Red Wings notebooks and also of Red Wings-related note: Thomas Vanek's performance was a bright spot for the Wings, as noted by the Free Press's Helene St. James...

“Vanek coming in and scoring two goals, it was great to see,” teammate Justin Abdelkader said.

The Wings signed the Austrian winger July 1 in hopes of boosting scoring after struggling to put the puck in the net last season. Vanek’s reputation was sullied by a buyout last season in Minnesota, but he has hit 20 goals in 10 of his 11 NHL seasons, and it was a low-risk deal at one year and $2.6 million.

Vanek joined the Wings late because of the World Cup of Hockey, but he had two assists in the exhibition finale, and two goals in the season opener.

“He’s been very good so far,” coach Jeff Blashill said. “We talked about making sure he works hard, backchecks, makes sure he works hard to win battles and be good defensively. He's been all those things. And if he does those things, you can see he is a really, really talented player. If he does those things, he is going to score, because he’ll be on the ice.”

And the Windsor Star's Bob Duff:

“Vanek looks like somebody who is what we thought he was,” Detroit coach Jeff Blashill said. “He’s got real elite offensive ability. He was the fifth overall pick, you don’t become the fifth overall pick if you don’t have elite, offensive ability and a real skill set.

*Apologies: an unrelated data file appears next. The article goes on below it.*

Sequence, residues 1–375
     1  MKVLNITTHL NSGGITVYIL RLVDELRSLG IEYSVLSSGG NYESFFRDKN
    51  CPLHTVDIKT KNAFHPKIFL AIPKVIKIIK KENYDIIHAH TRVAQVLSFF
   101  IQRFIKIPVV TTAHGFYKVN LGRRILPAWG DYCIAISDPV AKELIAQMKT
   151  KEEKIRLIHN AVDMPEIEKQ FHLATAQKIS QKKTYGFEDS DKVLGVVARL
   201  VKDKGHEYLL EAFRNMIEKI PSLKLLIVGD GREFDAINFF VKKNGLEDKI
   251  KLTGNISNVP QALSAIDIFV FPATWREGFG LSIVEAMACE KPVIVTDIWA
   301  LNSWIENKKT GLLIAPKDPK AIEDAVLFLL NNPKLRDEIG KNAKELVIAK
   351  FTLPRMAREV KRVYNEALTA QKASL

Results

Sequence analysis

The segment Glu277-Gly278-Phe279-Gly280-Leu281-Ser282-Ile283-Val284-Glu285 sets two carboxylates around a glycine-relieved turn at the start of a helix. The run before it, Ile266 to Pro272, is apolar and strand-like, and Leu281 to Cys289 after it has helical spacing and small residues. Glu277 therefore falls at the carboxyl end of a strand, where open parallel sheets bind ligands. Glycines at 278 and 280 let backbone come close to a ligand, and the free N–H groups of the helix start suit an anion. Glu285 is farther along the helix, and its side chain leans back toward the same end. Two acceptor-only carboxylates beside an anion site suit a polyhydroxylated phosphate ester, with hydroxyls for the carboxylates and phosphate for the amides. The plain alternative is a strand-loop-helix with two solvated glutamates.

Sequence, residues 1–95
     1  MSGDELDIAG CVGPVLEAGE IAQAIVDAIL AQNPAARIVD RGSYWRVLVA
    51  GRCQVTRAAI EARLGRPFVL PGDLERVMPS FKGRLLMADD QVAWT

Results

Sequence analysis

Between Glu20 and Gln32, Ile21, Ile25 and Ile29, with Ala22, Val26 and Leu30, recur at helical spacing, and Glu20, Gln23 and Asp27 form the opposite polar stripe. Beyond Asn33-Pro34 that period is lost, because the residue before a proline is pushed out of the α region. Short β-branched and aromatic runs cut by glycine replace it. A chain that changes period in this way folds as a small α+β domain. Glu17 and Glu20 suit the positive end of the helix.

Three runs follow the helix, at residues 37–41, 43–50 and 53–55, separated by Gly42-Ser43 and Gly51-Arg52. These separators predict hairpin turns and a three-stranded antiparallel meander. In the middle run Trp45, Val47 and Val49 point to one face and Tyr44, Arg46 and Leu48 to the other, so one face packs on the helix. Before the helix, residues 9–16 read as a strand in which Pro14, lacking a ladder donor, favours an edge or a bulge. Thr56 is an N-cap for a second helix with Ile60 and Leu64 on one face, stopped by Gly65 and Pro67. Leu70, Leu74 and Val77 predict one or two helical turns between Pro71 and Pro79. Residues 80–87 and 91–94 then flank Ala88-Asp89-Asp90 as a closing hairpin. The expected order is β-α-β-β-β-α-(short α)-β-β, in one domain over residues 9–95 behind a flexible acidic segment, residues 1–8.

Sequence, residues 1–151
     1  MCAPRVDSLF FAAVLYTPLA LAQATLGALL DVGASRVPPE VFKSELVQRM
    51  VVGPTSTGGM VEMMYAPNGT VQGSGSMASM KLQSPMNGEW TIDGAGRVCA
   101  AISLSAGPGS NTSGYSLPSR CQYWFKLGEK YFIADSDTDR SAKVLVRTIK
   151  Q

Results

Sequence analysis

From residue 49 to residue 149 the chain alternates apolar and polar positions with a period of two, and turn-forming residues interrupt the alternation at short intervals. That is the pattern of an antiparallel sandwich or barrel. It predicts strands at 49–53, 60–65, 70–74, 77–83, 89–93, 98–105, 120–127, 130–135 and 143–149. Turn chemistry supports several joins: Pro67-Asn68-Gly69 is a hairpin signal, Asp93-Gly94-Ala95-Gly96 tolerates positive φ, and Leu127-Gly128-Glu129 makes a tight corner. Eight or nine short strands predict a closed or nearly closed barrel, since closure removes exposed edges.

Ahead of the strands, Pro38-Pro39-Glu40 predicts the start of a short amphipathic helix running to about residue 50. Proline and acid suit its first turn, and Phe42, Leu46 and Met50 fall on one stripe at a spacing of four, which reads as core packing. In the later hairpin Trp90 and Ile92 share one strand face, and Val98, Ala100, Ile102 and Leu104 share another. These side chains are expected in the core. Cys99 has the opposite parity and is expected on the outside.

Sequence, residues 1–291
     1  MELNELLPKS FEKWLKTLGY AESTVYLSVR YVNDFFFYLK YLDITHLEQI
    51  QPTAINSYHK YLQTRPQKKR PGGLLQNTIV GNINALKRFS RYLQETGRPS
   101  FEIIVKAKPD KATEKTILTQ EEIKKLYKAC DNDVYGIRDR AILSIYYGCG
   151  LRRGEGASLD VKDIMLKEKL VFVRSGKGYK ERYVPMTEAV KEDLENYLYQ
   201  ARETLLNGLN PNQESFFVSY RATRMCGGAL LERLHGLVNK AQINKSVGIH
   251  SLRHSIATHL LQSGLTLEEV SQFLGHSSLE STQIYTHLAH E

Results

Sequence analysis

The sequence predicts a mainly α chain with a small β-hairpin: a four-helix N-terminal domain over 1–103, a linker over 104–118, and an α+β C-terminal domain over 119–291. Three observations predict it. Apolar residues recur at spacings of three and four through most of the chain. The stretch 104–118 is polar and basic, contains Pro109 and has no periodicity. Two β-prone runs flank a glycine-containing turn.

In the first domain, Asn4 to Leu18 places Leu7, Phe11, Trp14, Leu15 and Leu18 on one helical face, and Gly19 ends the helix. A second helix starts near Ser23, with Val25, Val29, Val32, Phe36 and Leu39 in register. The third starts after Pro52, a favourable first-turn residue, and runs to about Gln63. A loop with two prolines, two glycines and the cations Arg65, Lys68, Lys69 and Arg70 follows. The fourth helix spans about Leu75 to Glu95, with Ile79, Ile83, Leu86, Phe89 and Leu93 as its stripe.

“We don’t have lots of guys who were picked that high because we haven’t drafted that high. That doesn’t mean he doesn’t have things he’s got to get better at. He does, of course, but we also focus on the positives and there’s been lots of them so far.

“And Nielsen has done a good job. I think him and Z (Zetterberg) are both cerebral players, they’re both thinkers. I think that will help them as they move through the season as a pair together.”

Vanek wasn’t about to pat himself on the back following a loss.

“This is a game I thought we could have won, we should have won, and we gave it away,” Vanek said.

Filed in: | The Malik Report | Permalink